Startups

ASYSTEM Launches With $4M In Seed Funding To ‘Redefine Male Wellness’

Josh LeVine and Oliver Walsh wanted to create a brand for men that wasn’t just targeting the “french male model on a motorbike.” So, to bolster inclusivity and diversity for men’s health, the duo built ASYSTEM, a startup which sells skincare and supplement products.

“No one is really building in an aspirational, modern, diverse and inclusive way, which is the way we feel that brands should be built,” Walsh said from the ASYSTEM beach house in Venice.

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ASYSTEM just raised a $4 million seed round from a crop of investors, including Firstminute Capital, S8 Capital, PLG Ventures. Board members include Kevin Datoo, former COO of Dollar Shave Club.

The “betterment” startup offers a subscription-based daily vitamin supplement package for $75 a month and a 3-step skincare package for $45 a month. While ASYSTEM wants to “redefine men’s wellness” it’s hard to forget about the obvious, also venture-backed competition that has risen up recently.

A Crowded Space

Another company in the direct to consumer male wellness space is Hims, a San Francisco startup that works on men wellness and has raised $197 million in known venture capital to date, according to its Crunchbase profile.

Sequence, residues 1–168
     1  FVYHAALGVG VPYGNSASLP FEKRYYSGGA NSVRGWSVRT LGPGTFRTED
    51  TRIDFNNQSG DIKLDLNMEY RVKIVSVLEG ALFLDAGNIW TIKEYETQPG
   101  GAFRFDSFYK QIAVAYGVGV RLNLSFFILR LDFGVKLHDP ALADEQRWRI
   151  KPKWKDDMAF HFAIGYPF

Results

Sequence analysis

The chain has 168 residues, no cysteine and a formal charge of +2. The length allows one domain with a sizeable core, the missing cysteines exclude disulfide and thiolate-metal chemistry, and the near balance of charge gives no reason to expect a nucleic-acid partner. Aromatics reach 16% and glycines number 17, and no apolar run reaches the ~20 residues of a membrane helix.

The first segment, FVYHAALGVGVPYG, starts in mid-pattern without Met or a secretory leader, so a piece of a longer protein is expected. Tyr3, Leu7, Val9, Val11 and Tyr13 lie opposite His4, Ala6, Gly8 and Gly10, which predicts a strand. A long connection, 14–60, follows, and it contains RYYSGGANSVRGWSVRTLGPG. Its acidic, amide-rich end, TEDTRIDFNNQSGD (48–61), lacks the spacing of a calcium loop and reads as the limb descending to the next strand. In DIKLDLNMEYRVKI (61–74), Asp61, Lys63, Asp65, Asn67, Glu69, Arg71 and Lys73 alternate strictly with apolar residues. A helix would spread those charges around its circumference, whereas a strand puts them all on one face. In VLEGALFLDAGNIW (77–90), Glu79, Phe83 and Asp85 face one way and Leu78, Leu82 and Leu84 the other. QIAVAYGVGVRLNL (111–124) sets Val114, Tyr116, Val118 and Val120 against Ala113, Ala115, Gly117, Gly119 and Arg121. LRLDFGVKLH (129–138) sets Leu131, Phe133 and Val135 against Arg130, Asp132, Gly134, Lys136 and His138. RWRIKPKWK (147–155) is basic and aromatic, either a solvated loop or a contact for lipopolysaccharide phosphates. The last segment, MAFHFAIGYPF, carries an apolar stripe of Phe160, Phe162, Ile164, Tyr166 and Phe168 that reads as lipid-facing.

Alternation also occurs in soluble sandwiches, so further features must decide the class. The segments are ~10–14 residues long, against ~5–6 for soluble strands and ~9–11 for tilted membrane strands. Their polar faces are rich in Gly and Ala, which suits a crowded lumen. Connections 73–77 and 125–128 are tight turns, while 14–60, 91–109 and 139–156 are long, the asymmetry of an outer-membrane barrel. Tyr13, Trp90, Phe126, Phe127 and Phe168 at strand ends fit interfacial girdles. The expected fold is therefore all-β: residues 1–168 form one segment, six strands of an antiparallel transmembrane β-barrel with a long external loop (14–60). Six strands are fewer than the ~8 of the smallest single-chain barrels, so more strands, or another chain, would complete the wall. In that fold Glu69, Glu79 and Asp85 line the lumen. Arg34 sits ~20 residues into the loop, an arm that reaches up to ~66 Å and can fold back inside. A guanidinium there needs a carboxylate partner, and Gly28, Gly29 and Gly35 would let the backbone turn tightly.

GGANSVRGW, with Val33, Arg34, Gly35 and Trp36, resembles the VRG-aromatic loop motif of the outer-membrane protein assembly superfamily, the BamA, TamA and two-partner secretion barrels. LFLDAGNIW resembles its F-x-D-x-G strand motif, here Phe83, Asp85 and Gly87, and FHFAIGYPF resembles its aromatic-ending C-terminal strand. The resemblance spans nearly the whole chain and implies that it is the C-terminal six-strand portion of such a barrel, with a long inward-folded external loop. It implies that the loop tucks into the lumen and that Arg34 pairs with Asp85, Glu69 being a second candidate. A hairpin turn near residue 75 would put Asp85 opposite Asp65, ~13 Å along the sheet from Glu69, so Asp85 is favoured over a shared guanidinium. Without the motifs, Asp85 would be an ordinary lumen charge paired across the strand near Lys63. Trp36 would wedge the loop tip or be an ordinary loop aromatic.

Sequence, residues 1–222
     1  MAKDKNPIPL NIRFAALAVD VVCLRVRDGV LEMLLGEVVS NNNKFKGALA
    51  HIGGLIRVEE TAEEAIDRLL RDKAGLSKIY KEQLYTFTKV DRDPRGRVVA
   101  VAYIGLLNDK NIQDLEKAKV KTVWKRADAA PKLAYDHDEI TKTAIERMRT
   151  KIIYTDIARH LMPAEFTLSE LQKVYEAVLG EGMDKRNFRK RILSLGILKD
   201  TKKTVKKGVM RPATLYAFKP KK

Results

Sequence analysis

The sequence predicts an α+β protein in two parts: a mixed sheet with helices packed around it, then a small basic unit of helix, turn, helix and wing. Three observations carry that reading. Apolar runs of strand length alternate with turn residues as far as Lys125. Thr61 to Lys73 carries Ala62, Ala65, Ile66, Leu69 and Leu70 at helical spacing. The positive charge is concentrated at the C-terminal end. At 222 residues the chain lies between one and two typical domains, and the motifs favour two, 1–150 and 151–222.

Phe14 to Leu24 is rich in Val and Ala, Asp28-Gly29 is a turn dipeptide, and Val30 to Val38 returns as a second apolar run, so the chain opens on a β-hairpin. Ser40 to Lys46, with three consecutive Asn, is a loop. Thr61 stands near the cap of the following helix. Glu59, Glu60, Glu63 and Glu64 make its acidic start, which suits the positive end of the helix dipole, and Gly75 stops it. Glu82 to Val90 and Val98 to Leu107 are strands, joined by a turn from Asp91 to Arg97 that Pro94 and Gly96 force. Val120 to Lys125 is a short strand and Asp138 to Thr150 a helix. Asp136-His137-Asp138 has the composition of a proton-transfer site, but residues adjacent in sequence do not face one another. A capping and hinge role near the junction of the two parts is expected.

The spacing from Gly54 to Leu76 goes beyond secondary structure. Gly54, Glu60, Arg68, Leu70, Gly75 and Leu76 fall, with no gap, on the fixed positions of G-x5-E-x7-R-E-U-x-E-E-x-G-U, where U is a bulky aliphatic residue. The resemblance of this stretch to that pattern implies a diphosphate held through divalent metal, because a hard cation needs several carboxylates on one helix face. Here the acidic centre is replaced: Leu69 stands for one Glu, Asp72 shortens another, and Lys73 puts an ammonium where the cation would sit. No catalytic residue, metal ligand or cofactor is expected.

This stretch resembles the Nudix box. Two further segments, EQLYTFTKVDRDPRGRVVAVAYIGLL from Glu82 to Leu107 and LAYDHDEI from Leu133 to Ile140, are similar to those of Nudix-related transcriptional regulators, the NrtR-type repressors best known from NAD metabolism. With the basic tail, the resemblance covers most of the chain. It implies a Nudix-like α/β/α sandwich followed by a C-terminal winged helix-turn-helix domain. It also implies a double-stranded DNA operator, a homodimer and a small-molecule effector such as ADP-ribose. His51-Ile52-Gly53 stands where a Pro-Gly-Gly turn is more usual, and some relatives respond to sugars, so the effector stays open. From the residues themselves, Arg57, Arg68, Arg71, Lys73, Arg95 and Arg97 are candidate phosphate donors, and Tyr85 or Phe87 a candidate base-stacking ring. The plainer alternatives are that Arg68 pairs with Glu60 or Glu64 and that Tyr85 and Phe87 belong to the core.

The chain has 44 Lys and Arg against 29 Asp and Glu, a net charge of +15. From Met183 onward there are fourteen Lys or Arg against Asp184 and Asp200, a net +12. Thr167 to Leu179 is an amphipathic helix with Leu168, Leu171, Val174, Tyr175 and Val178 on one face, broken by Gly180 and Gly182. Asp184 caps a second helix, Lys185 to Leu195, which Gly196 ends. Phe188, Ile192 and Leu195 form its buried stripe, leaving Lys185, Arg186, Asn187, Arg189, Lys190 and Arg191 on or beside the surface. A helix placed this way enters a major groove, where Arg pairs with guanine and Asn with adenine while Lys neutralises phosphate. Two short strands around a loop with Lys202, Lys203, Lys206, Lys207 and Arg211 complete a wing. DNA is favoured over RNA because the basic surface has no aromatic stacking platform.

LeVine said that Hims mainly focuses on Rogaine and Viagra through telemedicine. He pointed to two other brands, Roman, which sports “healthy hair starting at $0.53 a day” and Keeps, that also offers hair loss treatment and said they are not building products for “traditional” uses.

“When you build a proper brand, you put the sticker on your car,” he said. “I don’t know how many men would put a Hims sticker on their car; I’d wear an Asystems on a t-shirt.”

ASYSTEM’s “superhuman supplements” promise optimization in focus, stamina, energy, mood, and sex drive, according to a press release. As a WIRED story pointed out this year, the blurry line between pharmaceuticals and supplements can be vague and potentially dangerous.

That said, Walsh said ASYSTEM worked with a range of individuals—scientists and a qualified nutritionist—to formulate the line.

The skincare uses fruit stem cells, avocado oils, and other ingredients, LeVine said. The entrepreneur started another fruit-based skin care product almost 15 years ago, which made its way into hotels and business airlines and used grape extracts from vineyards.

Along with building new products, the company will use the new funding to build out its experiential hub. Two weeks ago, along with the launch, ASYSTEM had a party in its beach house on Venice beach in California. Roughly 50 men from all ages showed up for a dinner, a beach workout, and guided meditation.

ASYSTEM’s beach house. 

Walsh says the biggest surprise was that everyone was able to stay quiet for more than 10 minutes. It’s proof, he says, that “dialogue and camaraderie can come from this.”

Illustration: Li-Anne Dias

 

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